This has led to increased competition among firms, which is unsustainable in the long term, says Singh. He adds that, although profit margins will remain low unless demand increases, this strategy will not benefit the construction sector.

Business Confidence Impacts On Construction

Cement producers and brick manufacturers experienced strains in working capital and cash flow this past year, which Singh attributes to the decrease in plans passed for nonresidential buildings, which was down by 22.8% in the first quarter of 2012, compared with the fourth quarter of 2011.

This decrease contributed significantly to the 4.5% drop in the total value of recorded building plans approved during that time.

“The reality is that commercial property development is directly proportional to the Business Confidence Index and indirectly proportional to the number of commercial liquidations, with a six-month lag effect,” he says.

In terms of commercial property development, space use in major urban areas is reported to be 80%, and in smaller metropolitan areas it is as low as 50%, says Singh. He explains that project volumes are influenced by private-sector commercial property developments and that new development is not as viable as it was before 2008, owing to a decrease in commercial property demand.

The construction industry will, however, benefit from government’s plans to increase local infrastructure spending, but only in the second half of 2013.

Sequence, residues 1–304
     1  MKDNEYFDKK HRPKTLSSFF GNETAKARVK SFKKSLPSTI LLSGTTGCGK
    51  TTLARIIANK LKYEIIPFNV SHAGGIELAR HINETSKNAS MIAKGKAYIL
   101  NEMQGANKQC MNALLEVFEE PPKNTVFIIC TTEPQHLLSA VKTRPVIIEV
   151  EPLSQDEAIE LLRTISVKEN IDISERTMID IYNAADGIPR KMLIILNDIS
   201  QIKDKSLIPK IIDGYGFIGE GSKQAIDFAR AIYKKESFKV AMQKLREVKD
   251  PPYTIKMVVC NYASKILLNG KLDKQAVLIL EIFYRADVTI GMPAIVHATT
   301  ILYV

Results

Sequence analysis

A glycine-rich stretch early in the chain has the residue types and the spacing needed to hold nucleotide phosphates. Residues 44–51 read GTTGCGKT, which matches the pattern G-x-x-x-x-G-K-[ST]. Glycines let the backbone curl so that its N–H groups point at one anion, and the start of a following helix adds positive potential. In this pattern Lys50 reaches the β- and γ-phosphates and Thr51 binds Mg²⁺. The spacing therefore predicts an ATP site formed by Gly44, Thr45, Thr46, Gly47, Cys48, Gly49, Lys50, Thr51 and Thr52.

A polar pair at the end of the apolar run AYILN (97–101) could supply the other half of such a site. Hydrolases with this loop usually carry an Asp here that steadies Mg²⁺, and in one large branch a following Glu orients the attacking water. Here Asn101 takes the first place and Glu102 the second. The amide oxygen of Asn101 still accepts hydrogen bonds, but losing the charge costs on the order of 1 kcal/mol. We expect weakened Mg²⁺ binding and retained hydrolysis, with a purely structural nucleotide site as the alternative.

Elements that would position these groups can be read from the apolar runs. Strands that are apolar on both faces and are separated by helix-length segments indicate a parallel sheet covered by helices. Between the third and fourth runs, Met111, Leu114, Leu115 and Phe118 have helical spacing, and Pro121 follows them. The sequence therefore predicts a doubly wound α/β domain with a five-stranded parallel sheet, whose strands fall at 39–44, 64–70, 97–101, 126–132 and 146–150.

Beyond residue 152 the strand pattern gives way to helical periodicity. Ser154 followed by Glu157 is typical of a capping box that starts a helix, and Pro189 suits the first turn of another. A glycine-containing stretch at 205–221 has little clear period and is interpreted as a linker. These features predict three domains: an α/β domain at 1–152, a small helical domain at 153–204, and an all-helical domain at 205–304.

Singh attributes the delay in rolling these plans out to the nature of administrating and implementing them, which includes the national distribution to municipalities, the municipal tender processes, tiered production payment schemes and subcontractor reimbursements.

Meanwhile, there is a specified amount of money awarded to municipalities each year, according to the infrastructure roll-out programme.

However, as has occurred, if a municipality fails to spend that budget in the allocated period, the funds are returned to the National Treasury and, as the next period’s budget allocation is dependent on the previous spend, that municipality’s budget will be reduced for the next period – something which was emphasised by Finance Minister Pravin Gordhan during his 2012/13 Budget speech.

Knock-On Effect
The South African steel industry is suffering from the backlash caused by the struggling construction sector. Singh says there has been a recovery in domestic demand this year, albeit tentatively.

He states that if the country’s economic growth stagnates, the steel industry suffers first.

Nevertheless, Singh believes that stagnation is unlikely to occur, owing to the prediction of low but steady growth of the South African economy in general. Companies with sales-based models and poor efficiencies will be vulnerable, however, and will run the risk of failure unless effective measures are put in place beforehand, he warns.

Meanwhile, the World Steel Association has reported that South Africa’s steel output fell by 12.7% year-on-year to 6.7-million tons last year, while global production increased by 6.8% to 1.5-billion tons.